Logic 9 has some useful new preferences to allow the pointer tool to emulate other tools, depending on where you move it over a region. Go to Preferences / General / Editing and tick the Fade Tool Click Zones box.

Now move the pointer over the upper‑right edge of a region and notice how it emulates the Crossfade tool (make sure you go right to the top corner!) and allows you to draw in a fade‑out by click‑dragging from the upper‑right corner to the left. You can input a fade‑in using the same method, but from the opposite corner. To curve a fade, hold down Control and Shift while you click and drag the fade. Creating fades in this way allows you to quickly alter the attack and decay characteristics of each drum hit. Experiment by using a curved fade‑out to sharpen a drum hit by removing some of the room sound from it, or using a fade‑in to soften the transient of a drum hit, to create ghost notes.

With Logic Pro 9, you have the option to turn volume fades into pitch envelopes, to emulate the classic DJ 'deck stop', and 'deck start' effects. Create a fade‑in on a region of your breakbeat. Open the Region Parameter box in the Inspector. Click on 'Fade In', and choose Speed Up from the pop-up menu.

Now listen to the audio region. The fade‑in has become a pitch envelope sounding similar to holding a record at a standstill and then letting go of it so that it rises back to the original pitch. You can repeat a similar effect for fade‑outs. Pick a different region and apply a fade to the end of the region. Go to the Region Parameter box, and this time click on Fade and choose Slow Down from the pop-up. Your fade now becomes another pitch envelope, with an effect similar to abruptly stopping a record. Experimenting with altering the curve of the fades you have entered can help make them sound more like the DJ effects they're emulating (the screen at top right shows both volume and pitch fadesMy drum loop complete with fades and DJ stop/start effects.).

While we're on the topic of region parameters, Logic 9 now includes a gain offset parameter for individual regions, found in the Region Parameter box. For our breakbeat example, this would give easy control over the volume of each drum hit. Do play around with this, as dramatically increasing the volume of quieter drum hits and ghost notes can have really interesting effects on the feel of an entire loop.

Bounce In Place To Add Effects

Now let's apply effects to different regions using Logic 9's excellent new Bounce In Place function. Bounce In Place lets you render all active plug‑ins and automation data into a new audio file, and we're going to use it to selectively process individual drum hits with their own effects. First, let's apply some brutal EQ to a region containing just a hi‑hat.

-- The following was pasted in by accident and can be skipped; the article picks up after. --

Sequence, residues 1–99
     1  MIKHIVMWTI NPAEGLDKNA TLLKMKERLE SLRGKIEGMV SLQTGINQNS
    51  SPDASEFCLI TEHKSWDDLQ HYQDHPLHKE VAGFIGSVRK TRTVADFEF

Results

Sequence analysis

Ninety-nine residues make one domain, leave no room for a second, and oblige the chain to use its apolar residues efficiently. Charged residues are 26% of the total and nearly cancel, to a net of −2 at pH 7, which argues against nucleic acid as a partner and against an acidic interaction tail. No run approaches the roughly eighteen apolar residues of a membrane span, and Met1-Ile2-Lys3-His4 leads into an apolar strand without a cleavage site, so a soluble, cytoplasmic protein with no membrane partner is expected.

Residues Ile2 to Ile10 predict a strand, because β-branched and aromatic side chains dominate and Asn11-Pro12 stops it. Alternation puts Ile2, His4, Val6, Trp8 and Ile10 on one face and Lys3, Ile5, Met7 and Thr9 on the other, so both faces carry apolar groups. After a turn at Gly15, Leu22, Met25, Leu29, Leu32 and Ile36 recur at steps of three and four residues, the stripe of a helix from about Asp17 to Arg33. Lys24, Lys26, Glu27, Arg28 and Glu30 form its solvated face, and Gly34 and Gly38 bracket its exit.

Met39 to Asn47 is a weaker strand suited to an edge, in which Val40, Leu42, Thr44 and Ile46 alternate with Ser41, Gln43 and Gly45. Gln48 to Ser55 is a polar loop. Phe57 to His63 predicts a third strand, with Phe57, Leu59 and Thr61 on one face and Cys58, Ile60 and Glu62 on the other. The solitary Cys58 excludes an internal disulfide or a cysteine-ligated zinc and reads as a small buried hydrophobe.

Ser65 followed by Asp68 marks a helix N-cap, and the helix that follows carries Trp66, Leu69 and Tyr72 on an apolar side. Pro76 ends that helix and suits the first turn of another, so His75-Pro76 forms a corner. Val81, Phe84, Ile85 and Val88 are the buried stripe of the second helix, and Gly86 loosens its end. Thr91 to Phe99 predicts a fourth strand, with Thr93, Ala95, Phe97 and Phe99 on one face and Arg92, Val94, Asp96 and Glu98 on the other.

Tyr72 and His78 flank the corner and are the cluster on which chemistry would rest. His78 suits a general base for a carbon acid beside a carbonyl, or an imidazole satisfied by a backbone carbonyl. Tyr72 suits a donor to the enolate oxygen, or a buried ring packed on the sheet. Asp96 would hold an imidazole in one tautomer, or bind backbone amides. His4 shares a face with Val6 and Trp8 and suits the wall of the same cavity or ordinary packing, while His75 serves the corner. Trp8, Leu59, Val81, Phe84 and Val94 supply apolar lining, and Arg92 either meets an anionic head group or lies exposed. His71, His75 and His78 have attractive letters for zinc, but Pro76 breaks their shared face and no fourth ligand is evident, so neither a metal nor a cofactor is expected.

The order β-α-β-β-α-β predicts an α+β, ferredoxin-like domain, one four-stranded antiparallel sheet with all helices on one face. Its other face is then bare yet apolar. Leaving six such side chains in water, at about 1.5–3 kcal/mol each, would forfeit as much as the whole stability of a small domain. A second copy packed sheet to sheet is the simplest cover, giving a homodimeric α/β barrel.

• On the audio channel you've been using, call up the Channel EQ insert effect and dial in some heavy‑handed settings (just so that you can easily hear that the processing has been applied).
  • To apply that processing to just one region, Control‑click the region you want to process (a hi‑hat, in this case) and choose Bounce In Place from the pop‑up menu (or the Arrange page Region menu).
  • In the Bounce In Place dialogue, check Destination / New Track and Source Mute, and ensure that Bypass Effect Plug‑ins is not checked (see screen belowThe Bounce Regions in Place dialogue box. Tick 'Include Audio Tail in File' when working with time‑based effects such as delay and reverb.).

Logic will bounce the chosen region, with its added EQ, onto a new track, while muting the old region. If you go back to the old track, bypass the EQ plug‑in and hit play, you should hear the same sequence, but now only the hi‑hat region has the EQ.

You can use Bounce Regions In Place to add all types of processing to different drum hits, but if you use reverb or delay, make sure you tick the 'Include Audio Tail In File' option in the dialogue box.  

Applying Processing

As all the drum hits in our loop are discrete regions, we can easily apply off‑line processing to the individual hits. As an example, let's reverse a drum hit: simply double‑click on a region to bring up the Sample Editor, then go Function / Reverse. It can also be rewarding to call up the Time and Pitch machine, found in the Functions menu, and experiment with altering different drum pitches. Try pitching a snare‑drum hit up by 1200 cents, for example.